Markelevich, Ariel, Lewis Shaw, and Hagit Weihs. “The Israeli XBRL Adoption Experience.” Accounting Perspectives 14.2 (2015): 117-33.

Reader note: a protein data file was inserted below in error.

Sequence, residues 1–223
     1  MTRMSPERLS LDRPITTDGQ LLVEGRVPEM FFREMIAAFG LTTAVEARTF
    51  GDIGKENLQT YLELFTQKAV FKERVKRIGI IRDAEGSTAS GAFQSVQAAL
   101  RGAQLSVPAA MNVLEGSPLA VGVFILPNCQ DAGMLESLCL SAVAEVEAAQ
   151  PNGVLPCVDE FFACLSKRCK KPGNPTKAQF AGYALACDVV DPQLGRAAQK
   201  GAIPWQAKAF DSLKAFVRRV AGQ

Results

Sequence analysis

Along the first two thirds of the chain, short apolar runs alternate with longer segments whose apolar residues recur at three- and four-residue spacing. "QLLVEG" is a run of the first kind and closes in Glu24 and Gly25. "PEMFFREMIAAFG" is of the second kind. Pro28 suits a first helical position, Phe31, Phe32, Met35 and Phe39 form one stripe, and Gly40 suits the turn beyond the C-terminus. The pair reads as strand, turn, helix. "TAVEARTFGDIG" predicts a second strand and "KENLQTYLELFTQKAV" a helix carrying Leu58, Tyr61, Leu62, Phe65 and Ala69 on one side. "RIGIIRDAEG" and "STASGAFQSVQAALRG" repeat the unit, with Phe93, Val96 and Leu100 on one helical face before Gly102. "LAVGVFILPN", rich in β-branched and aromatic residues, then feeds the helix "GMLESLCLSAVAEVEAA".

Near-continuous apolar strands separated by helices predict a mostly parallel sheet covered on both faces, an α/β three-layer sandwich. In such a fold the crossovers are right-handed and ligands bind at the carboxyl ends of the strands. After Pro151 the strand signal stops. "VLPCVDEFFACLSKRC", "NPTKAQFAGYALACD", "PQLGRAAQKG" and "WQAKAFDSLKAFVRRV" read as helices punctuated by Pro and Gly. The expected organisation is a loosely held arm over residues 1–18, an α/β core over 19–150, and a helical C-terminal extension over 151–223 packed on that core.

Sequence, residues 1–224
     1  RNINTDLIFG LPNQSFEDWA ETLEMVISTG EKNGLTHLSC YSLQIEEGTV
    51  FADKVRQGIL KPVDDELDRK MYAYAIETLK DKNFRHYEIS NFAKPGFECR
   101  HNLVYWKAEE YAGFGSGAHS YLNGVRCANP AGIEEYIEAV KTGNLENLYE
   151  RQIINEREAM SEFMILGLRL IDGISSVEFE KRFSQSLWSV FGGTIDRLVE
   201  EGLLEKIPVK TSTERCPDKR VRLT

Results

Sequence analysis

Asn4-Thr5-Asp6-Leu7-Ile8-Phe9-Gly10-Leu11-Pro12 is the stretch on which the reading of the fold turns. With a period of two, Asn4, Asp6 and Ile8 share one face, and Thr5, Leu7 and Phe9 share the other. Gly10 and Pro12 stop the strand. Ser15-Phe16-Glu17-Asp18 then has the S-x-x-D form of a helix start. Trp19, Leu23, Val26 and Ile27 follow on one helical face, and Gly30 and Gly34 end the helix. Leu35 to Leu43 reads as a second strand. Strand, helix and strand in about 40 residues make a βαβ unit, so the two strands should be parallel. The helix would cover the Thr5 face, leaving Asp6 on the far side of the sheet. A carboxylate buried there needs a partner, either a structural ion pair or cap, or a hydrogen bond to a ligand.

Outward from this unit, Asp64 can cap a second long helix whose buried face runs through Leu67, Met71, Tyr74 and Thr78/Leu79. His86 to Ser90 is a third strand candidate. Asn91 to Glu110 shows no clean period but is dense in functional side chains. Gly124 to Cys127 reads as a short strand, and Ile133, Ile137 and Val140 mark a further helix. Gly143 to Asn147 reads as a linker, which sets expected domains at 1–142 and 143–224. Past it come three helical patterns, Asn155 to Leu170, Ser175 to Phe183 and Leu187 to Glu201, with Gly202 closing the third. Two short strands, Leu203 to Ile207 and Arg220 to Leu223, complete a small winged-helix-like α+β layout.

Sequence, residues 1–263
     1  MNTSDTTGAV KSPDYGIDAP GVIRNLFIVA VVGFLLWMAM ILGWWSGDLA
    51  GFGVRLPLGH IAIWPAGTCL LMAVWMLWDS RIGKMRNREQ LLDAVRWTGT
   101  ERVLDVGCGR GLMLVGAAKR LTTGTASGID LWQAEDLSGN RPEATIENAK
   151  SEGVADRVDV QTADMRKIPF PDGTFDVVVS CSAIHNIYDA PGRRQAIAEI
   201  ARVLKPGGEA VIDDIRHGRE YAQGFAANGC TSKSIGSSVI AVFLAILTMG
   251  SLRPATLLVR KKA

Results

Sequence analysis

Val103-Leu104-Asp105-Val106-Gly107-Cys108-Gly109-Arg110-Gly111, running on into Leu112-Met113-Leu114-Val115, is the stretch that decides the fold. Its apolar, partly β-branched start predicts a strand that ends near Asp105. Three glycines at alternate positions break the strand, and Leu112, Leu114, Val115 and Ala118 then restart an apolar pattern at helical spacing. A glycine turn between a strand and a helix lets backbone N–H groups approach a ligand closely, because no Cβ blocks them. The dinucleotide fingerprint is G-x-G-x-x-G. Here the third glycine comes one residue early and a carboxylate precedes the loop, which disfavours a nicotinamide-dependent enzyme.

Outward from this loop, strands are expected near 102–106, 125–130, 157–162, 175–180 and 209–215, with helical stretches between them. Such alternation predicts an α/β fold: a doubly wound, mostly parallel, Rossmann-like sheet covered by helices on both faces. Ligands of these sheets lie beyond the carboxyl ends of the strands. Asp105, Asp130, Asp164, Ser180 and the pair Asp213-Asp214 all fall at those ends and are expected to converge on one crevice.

eXtensible Business Reporting Language (XBRL) is a language for the electronic communication of business and financial data which is revolutionizing business reporting around the world. It is a tool to bridge potential language barriers and unify financial reporting. This has appeal to foreign investors, among others, who can rely on information in XBRL-tagged financial reports to make investment decisions without having to translate financial statements from local language. In 2008, Israel required most public companies to adopt International Financial Reporting Standards (IFRS) for financial reporting and to use XBRL-tagged reporting format, as part of an aggressive effort to make its capital markets more transparent and attractive for foreign investors. In this paper, we study all Israeli public companies and analyze the accuracy and reliability of their XBRL-tagged financial statements that are available on MAGNA, the Israel Securities Authority’s electronic system. We describe the process by which the XBRL-based data were collected and reported. We document, categorize, and analyze deficiencies in the XBRL-tagged filings, and inconsistencies between them and the Hebrew-based annual reports. We observe pervasive data entry errors resulting in inaccurate XBRL-generated financial reports, which went undetected for over one year. Further, first year XBRL reporting (in conjunction with IFRS adoption) did not increase foreign investment in the Israeli capital markets. This analysis allows us to better understand the benefits and challenges of the adoption of XBRL.